GENRE: crime fiction
On November 15, 1959, in the small town of Holcomb, Kansas, four members of the Clutter family were savagely murdered by blasts from a shotgun held a few inches from their faces. There was no apparent motive for the crime, and there were almost no clues. As Truman Capote reconstructs the murder and the investigation that led to the capture, trial, and execution of the killers, he generates both mesmerizing suspense and astonishing empathy. In Cold Blood is a work that transcends its moment, yielding poignant insights into the nature of American violence.
THIS MISS REVIEWS:
In Cold Blood is an amazing piece of fiction detailing the murder of four members of the Clutter family in Holcomb, Kansas. Truman Capote researched the event in detail, interviewing everyone involved, even the two murderers who committed the heinous crime. Capote said, “I spent four years on and off in that part of Western Kansas there during the research for that book and then the film. What was it like? It was very lonely. And difficult. Although I made a lot of friends there. I had to, otherwise I never could have researched the book properly. The reason was I wanted to make an experiment in journalistic writing, and I was looking for a subject that would have sufficient proportions. (…) [I]was looking for something very special that would give me a lot of scope. (…) And one day I was gleaning The New York Times, and way on the back page I saw this very small item. And it just said, "Kansas Farmer Slain. Family of Four Is Slain in Kansas." A little item just about like that. And the community was completely nonplussed, and it was this total mystery of how it could have been, and what happened.”
I can say that he definitely succeeded in unveiling the mystery and wrote a gripping page-turner about a true event, using people’s real names, their quotes and every little detail he discovered during his long research and stay in Kansas. The book reads like a novel, but all the while there is the knowledge that those things really happened, which makes it a thrilling experience.
There are two things I must point out about this novel, as I absolutely loved them. The first one is the order the events are presented. The actual murder – the way it took place – is reserved for the final portion of the book, which creates suspense. First, Truman plays on the strings of the reader’s emotions. He presents the final day of the Clutter family in detail, revealing their hobbies, their aspirations, their popularity in the Holcomb community, thus shaping them into real people whose lives were cruelly and unjustly taken from them. Then, their bodies are discovered and Capote presents the shock, the confusion, the sadness of their friends, as well as the fear of the entire community that something like this might strike them, too. No one knows the motive of the heinous crime and they have absolutely no clues. The murder itself is omitted and the reader is left to speculate how it happened, just as the Holcomb police and citizens did. This way, Capote creates a natural flow of events, putting the reader into the position of those people who lives in Holcomb in 1959, clueless as to what happened and why.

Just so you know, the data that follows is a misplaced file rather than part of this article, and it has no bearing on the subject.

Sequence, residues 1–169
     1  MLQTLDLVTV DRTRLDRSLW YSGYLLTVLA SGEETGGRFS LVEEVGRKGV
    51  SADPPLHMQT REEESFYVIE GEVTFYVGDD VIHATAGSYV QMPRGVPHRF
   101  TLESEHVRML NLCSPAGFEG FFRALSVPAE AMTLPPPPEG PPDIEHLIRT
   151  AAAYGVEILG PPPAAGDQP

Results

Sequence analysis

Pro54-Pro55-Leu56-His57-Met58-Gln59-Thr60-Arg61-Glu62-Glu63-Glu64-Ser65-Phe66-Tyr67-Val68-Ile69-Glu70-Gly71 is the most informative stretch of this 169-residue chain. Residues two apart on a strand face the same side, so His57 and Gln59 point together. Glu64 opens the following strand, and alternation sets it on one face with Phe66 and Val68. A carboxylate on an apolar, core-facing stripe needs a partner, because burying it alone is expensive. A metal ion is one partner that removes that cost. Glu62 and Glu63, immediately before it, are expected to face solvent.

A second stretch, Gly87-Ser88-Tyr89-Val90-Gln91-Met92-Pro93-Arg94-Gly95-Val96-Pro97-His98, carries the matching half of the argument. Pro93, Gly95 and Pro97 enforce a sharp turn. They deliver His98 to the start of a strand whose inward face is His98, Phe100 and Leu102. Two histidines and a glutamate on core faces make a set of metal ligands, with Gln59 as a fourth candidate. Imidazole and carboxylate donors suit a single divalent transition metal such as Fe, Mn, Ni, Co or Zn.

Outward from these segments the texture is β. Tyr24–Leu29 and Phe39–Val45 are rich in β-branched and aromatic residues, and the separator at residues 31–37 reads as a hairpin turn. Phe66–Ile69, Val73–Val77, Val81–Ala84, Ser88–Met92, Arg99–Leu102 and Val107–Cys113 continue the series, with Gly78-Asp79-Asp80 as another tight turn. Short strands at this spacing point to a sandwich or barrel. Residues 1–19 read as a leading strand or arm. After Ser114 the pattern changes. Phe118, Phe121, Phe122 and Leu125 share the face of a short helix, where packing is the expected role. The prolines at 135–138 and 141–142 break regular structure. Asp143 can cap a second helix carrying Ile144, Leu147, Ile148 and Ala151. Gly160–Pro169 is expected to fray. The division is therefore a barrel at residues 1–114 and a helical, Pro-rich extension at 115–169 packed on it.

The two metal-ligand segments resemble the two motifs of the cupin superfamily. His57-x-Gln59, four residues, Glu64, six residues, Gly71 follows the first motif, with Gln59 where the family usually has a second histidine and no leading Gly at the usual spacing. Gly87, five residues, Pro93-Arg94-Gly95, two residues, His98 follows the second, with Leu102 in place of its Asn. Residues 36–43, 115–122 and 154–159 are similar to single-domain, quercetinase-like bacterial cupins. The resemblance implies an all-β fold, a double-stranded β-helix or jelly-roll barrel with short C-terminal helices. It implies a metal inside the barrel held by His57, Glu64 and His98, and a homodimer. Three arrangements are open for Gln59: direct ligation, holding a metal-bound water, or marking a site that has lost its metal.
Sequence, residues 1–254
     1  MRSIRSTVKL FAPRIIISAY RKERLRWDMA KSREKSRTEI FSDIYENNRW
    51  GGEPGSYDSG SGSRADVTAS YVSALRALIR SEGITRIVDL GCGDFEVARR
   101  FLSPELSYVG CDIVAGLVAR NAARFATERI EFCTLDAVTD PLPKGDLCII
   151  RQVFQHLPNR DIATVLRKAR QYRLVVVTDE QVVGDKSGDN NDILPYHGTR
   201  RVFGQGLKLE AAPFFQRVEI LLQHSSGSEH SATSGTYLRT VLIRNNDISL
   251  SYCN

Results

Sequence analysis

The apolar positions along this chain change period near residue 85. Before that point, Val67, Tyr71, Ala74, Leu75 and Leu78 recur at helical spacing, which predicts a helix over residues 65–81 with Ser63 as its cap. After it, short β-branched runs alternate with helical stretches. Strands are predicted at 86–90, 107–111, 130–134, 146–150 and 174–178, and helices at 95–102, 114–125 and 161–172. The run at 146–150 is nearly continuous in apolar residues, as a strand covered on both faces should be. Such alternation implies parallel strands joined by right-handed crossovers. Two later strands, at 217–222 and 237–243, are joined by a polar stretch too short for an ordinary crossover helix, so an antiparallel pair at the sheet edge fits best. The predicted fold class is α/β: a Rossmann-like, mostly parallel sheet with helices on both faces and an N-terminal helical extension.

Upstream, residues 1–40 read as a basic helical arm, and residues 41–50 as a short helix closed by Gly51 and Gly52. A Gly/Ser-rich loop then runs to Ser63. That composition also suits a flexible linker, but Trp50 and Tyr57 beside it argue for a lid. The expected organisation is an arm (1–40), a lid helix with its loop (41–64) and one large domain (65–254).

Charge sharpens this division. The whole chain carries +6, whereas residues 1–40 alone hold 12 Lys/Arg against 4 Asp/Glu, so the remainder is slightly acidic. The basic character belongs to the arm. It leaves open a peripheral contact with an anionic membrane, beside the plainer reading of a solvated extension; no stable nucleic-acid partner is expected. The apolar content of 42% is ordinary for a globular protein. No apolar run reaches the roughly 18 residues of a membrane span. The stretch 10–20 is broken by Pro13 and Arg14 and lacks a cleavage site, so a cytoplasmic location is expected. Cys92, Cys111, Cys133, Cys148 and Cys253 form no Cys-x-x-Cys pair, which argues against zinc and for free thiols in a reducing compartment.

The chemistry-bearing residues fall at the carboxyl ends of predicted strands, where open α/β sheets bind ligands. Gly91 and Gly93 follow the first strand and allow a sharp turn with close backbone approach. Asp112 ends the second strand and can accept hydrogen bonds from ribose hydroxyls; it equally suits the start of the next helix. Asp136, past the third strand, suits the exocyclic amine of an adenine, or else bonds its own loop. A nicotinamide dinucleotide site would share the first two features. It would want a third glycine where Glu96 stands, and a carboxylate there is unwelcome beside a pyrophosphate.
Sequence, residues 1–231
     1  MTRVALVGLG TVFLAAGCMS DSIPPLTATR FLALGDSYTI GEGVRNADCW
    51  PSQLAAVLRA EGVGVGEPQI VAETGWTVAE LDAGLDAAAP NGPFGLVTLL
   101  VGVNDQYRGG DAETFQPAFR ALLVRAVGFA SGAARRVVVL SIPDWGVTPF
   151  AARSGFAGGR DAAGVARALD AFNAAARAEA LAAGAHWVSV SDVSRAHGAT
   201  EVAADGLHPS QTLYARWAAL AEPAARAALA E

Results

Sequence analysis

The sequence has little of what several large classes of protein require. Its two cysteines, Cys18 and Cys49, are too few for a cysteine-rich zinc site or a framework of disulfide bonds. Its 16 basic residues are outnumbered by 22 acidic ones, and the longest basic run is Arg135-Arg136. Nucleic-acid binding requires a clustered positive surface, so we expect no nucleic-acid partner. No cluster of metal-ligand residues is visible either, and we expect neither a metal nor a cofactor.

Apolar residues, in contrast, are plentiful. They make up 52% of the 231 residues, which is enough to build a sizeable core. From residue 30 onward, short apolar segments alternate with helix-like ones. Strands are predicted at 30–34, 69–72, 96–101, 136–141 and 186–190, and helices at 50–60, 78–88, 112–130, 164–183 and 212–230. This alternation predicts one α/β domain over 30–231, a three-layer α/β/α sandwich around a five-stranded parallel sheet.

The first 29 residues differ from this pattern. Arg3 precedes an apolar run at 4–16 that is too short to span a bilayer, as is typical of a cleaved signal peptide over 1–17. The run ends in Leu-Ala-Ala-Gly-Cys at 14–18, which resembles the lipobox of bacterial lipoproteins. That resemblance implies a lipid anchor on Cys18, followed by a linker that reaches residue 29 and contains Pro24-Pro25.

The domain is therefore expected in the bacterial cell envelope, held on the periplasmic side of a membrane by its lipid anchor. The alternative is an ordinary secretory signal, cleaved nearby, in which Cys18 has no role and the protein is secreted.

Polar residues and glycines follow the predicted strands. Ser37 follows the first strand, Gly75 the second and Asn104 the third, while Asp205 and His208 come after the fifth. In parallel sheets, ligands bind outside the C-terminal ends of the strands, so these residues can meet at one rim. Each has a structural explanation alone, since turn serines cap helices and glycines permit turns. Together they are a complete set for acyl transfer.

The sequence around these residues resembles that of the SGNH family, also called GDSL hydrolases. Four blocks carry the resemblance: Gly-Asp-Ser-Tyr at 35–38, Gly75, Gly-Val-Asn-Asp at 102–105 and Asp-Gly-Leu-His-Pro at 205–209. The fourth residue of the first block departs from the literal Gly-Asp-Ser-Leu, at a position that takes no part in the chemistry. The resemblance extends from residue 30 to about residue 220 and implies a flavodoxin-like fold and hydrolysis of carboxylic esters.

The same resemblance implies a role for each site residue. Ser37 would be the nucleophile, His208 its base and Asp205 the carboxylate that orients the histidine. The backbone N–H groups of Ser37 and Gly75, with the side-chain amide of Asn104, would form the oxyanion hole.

The second thing I really loved is the presentation of the murderers, Perry Smith and Dick Hickcock. He presents them in absolute detail, focusing on every aspect of their lives, good and bad, just as was done with the Clutter family. Capote does not seek to excuse them, but he also does not blame them. He presents them – as a true journalist – as they truly were. He reveals the chronology of their lives, focusing on their mentality in particular. He presents them as human beings who, one day, killed four people. Yet one cannot help but sympathise with them and that is exactly what Capote allows the reader to do. I still think they did a terrible thing that was inexcusable, but Capote presents those shades of grey we often tend to ignore. He makes the reader understand the killers before judging them, not just having the reader simply judge them and be done with it. Capote takes the stance that even those we see as monsters have their reasons. A sad and abusive childhood, and an innate tendency towards violence may not be an excuse, but they explain why people do certain things and by understanding them may actually help us cope with a tragedy like murder. The then developing science of forensic psychology is presented and death sentence discussed. In this respect, the novel is delightfully provocative, as it really makes the reader think and ponder on certain important issues. Not everything is black and white and although we may not be inclined to accept other shades of colours, we have to acknowledge them.
The murder itself is described in detail as well, which was a chilling reading experience, yet intriguing as well, precisely because it is stated exactly what Perry and Dick were thinking about when the trigger of the shotgun (their murder weapon) was pulled four times. I found the final part – the trial – to be the most thrilling part to read about. It is the part that discusses whether death sentence is a justified means of punishing a criminal, as well as whether killers are truly monsters or merely human beings who committed a grave sin, for which they must repent and pay. It is, as I’ve said, a provocative section of the book, but rewarding as such.
I admit that there were two or three times when the book dragged for me, as perhaps too many pieces of information were included about people that were not crucial to the story, but other than that, this novel is a literary gem. It is a true page turner and I whole-heartedly recommend it to everyone. It is a novel unlike any other.
I read the novel for my personal American Classics Challenge and for the What's in a Name 4 Challenge, section Evil.
THIS MISS RATES: / (4.5 stars)